The social housing sector is currently going through an era of significant change and many housing associations are responding to this with huge investment in digital transformation programmes and moves to mobile and agile working for colleagues.
They are looking at new ways of working to become more cost effective, enhance their services and to meet the demands of evolving sectors, as well as those of their customers and employees. Organisations are also facing the challenges and opportunities that new technology and growing globalisation bring, and ever-increasing numbers of employees are asking to work more flexibly.
To survive and thrive in the 21st century, the more traditional methods of working won’t necessarily work in an environment that demands change, flexibility and agility.
Implementing an agile working strategy is something that many organisations have done successfully, improving morale, retention, productivity and creativity. These new ways of working go far beyond flexible working initiatives and have been shown to deliver proven business benefits.
What is agile working?
Agile working is an adaptable and flexible way of working and begins with the understanding that “work is an activity not a place.” One definition says: “It is a way of working in which an organisation empowers its people to work where, when and how they choose – with maximum flexibility and minimum constraints – to optimise their performance and to do their best work”. The latter definition may be a step too far for some organisations, often for very valid reasons.
Does agile working benefit the employee or the organisation?
Recent data from the Office of National Statistics (ONS) revealed that the number of UK workers who have moved to remote working has increased by nearly a quarter of a million over the last ten years, with 40 per cent now taking the opportunity to work from home at least once a week and 1 in 10 now working from home full time.
So, what’s fuelling this growth in agile working? Beyond the obvious business benefit of reduced office costs, research also tells us agile working improves morale, increases staff retention and importantly widens and unlocks a bigger talent pool, thereby enabling a business to recruit talent, regardless of where they live. And for all those parents unable to commit to full-time roles, it has provided a new avenue to access work.
Recent research by the Agile Future Forum (AFF) demonstrates that in the areas reviewed, agile working practices saved 3% to 13% of workforce costs, with the opportunity to increase that by 3% to 7% if agile working practices were implemented more extensively.
Some businesses are still concerned that if left unchecked, their staff productivity will fall. In fact, recent research from Stanford University, suggests the opposite is true – productivity increases exponentially and remote workers are 13% more productive than their office-based counterparts.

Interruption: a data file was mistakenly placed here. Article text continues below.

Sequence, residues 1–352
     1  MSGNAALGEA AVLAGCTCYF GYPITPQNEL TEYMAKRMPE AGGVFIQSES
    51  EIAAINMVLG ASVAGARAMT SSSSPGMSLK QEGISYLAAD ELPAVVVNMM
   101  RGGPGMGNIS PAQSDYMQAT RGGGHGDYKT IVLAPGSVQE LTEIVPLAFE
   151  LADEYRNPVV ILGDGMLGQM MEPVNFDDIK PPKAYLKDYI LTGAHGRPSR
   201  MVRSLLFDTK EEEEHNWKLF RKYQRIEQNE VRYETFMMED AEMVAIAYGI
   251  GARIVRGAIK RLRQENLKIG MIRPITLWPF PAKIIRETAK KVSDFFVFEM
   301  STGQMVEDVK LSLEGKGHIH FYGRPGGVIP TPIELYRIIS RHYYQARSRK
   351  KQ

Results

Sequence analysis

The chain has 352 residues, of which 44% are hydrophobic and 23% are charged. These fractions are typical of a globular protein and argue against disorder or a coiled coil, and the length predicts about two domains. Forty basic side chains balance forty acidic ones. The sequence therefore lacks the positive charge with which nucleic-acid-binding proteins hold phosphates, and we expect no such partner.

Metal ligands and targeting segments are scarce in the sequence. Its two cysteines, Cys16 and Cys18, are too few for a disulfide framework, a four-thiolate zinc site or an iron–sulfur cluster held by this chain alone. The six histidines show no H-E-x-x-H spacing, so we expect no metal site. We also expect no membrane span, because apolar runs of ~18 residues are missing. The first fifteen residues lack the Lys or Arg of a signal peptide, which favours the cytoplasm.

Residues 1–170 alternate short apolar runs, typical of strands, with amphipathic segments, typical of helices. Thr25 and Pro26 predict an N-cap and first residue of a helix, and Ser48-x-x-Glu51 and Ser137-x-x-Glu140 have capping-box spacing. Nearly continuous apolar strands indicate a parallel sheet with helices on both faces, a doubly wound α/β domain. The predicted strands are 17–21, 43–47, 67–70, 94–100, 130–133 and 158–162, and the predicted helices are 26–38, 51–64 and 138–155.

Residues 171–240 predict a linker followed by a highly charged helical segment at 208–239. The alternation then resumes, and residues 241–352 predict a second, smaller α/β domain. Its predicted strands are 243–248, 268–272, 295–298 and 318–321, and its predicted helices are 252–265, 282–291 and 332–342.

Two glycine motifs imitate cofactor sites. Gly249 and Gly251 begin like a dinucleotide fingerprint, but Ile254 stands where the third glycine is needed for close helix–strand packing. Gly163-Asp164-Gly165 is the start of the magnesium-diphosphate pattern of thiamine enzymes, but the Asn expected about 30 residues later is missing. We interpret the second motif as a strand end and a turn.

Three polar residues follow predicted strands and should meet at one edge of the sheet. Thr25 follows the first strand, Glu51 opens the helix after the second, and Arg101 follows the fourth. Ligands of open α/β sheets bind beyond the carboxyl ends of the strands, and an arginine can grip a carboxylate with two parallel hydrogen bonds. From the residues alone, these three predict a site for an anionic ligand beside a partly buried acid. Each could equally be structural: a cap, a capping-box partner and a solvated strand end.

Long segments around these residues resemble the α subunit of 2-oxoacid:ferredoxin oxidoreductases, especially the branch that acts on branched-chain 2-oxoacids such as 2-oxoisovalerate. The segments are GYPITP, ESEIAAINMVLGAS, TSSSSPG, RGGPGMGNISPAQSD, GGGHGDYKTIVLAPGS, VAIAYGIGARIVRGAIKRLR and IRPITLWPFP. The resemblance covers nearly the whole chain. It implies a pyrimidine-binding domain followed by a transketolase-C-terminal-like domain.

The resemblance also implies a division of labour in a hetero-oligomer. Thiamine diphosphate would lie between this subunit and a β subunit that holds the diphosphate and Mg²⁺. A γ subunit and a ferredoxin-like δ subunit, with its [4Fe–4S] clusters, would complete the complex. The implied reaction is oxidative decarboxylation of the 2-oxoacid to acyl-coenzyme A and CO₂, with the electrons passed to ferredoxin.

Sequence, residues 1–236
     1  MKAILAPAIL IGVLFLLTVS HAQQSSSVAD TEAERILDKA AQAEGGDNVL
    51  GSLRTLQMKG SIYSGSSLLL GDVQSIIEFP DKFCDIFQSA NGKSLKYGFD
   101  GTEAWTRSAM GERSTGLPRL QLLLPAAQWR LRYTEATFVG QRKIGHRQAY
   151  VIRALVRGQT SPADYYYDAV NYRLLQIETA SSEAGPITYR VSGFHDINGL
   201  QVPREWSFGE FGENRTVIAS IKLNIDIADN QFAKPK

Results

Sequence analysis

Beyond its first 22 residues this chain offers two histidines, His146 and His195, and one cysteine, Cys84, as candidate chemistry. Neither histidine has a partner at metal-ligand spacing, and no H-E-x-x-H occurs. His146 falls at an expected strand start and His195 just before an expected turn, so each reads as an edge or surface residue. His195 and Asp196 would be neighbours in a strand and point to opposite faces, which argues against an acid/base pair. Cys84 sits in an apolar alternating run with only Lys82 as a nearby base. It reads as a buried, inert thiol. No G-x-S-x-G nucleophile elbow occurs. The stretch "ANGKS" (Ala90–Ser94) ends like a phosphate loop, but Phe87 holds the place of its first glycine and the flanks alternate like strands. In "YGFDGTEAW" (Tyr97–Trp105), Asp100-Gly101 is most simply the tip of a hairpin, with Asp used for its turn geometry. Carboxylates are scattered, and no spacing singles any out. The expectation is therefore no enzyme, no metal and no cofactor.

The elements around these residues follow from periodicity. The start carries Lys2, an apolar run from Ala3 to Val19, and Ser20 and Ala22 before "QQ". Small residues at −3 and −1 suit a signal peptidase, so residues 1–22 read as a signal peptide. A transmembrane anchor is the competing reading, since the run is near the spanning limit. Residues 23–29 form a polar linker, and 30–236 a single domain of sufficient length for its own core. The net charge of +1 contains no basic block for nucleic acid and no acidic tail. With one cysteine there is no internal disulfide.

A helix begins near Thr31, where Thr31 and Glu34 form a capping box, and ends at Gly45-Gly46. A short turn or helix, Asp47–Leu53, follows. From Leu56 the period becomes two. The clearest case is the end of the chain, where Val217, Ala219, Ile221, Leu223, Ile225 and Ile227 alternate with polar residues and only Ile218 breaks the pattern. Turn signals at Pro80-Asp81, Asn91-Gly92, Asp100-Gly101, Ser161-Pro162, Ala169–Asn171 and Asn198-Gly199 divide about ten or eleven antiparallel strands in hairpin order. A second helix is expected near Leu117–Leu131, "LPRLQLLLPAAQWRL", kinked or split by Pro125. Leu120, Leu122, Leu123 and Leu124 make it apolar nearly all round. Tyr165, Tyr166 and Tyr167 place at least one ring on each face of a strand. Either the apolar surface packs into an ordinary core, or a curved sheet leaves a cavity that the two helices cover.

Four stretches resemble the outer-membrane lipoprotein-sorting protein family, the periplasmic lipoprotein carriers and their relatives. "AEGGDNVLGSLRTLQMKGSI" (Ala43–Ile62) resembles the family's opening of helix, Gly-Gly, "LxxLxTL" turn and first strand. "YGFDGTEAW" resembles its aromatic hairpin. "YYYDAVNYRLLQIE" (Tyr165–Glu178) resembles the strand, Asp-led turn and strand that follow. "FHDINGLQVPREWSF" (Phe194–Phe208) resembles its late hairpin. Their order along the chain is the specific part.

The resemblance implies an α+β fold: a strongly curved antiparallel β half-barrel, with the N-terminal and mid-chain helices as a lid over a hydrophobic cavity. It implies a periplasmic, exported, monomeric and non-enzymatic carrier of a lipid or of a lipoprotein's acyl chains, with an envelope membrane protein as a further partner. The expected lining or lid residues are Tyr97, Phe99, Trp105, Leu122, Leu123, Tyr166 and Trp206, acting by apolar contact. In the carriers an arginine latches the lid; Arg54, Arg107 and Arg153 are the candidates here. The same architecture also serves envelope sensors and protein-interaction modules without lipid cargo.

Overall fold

Trust is key. Agile working requires an entirely different outlook in team management and leadership. A strong, structured and systematic approach to managing work is needed, where managers have a clear focus on outcomes rather than inputs as a way of measuring performance.
By setting clear performance outcomes, tracking performance, and having regular individual and team communications, managers will encourage a more empowered team, trusting them to manage their time and workloads independently.
What are the golden rules for implementing Agile Working?
- It must be business led and collaborative to ensure that the creation of agile working practices address the needs of the business, their employees and also those of its customers
- The needs of the business and the workforce must be clearly understood. Start with the business objectives to develop a view of the ideal workforce and then establish how agility can help to achieve both. Considering value to both employer and employee will lead to balanced, and more effective, agile practices.
- Develop the agile working model bottom-up. Ensure your approach is at the right level – a business or single unit at a time as one size does not necessarily fit all
- Think big, strategic changes. The more ambitious you are willing to be the greater the potential benefits.
- Educate the leadership team first. Having the senior team on board is vital to ensure the successful implementation of new agile working practices.
Implementing new agile working practices is not easy, but the benefits of a more agile organisation – one that performs better and has a more engaged workforce, thereby benefiting the employee and the organisation – makes this a worthwhile investment.
Liz Johnston, Principal Consultant, Altair